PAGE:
The caravan left Jujuy on July 25 and passed through Tucuman, Santiago del Estero, Catamarca, and Santa Fe. Its arrival in the Argentine capital coincides with the commemoration of Mother Earth Day (Pachamama).
The members of the caravan traveled some 200 kilometers to make their demands visible, among which are respect for indigenous rights to land, water, life, and the future.
Their protest action also has the objectives of demanding that the Supreme Court rule on the unconstitutionality of the "express reform" that Jujuy Governor Gerardo Morales promotes to facilitate large-scale mining.
����Protests continue in Jujuy against Governor Gerardo Morales’ constitutional reform which human rights & Indigenous organizations allege violates fundamental rights.
Protests have been met with heavy repression by police.
Besides referring to previous large mobilizations, the name of the march ("Malon") uses a Mapuche word that means surprise raid on an enemy settlement.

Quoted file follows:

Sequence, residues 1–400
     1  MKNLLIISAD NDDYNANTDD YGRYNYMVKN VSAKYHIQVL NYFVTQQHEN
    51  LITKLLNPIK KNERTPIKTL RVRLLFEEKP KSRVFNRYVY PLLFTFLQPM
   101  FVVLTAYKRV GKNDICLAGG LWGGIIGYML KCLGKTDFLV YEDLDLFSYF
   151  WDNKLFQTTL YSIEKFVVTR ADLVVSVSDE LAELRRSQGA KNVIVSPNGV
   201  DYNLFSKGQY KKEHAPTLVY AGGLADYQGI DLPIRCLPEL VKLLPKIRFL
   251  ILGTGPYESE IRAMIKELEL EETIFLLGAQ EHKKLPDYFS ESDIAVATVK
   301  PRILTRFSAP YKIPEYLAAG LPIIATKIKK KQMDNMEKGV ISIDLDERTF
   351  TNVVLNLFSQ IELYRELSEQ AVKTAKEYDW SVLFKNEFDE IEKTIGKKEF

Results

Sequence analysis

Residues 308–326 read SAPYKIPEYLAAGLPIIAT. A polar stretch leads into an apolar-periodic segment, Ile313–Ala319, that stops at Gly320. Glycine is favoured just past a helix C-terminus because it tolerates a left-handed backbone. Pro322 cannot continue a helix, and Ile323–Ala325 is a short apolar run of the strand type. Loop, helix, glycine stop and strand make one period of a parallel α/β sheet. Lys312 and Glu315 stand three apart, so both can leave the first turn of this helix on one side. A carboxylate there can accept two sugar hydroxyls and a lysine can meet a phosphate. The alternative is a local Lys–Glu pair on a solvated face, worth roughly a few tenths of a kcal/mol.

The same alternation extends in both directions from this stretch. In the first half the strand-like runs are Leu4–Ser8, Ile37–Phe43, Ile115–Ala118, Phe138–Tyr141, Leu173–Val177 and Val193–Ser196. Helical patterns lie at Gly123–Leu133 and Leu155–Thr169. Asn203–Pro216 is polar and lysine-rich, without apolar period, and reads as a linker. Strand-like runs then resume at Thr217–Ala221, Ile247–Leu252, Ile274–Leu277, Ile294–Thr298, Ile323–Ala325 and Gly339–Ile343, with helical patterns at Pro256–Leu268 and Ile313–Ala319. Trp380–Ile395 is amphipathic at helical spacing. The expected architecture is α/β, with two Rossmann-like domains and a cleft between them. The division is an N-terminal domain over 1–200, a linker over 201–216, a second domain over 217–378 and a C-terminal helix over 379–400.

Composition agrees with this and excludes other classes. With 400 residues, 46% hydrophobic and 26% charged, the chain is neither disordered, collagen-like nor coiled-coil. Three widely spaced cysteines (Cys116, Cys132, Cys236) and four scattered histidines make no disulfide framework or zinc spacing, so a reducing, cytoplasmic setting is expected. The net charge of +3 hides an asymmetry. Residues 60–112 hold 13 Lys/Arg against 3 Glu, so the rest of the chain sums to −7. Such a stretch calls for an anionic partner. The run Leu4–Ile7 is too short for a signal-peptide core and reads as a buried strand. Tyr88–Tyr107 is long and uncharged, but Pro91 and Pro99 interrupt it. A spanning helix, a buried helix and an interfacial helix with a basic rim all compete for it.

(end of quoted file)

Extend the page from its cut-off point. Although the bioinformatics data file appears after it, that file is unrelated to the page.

The first malon, which was carried out during the government of Juan Domingo Peron in 1946, sought to demand that the Argentine state restitute the territories to the Indigenous peoples. The second malon occurred in 2006 and sought to achieve respect for water and life.
"In this third malon, however, the central issue is Morales' unconstitutional reform," Okloya chief Nestor Jerez said, recalling that the Jujuy Indigenous peoples never received the land they demanded.
Last week, the National University of the Arts (UNA) publicly expressed its support for the Indigenous march and strongly rejected the repressive actions carried out by the Jujuy government against workers, students and farmers.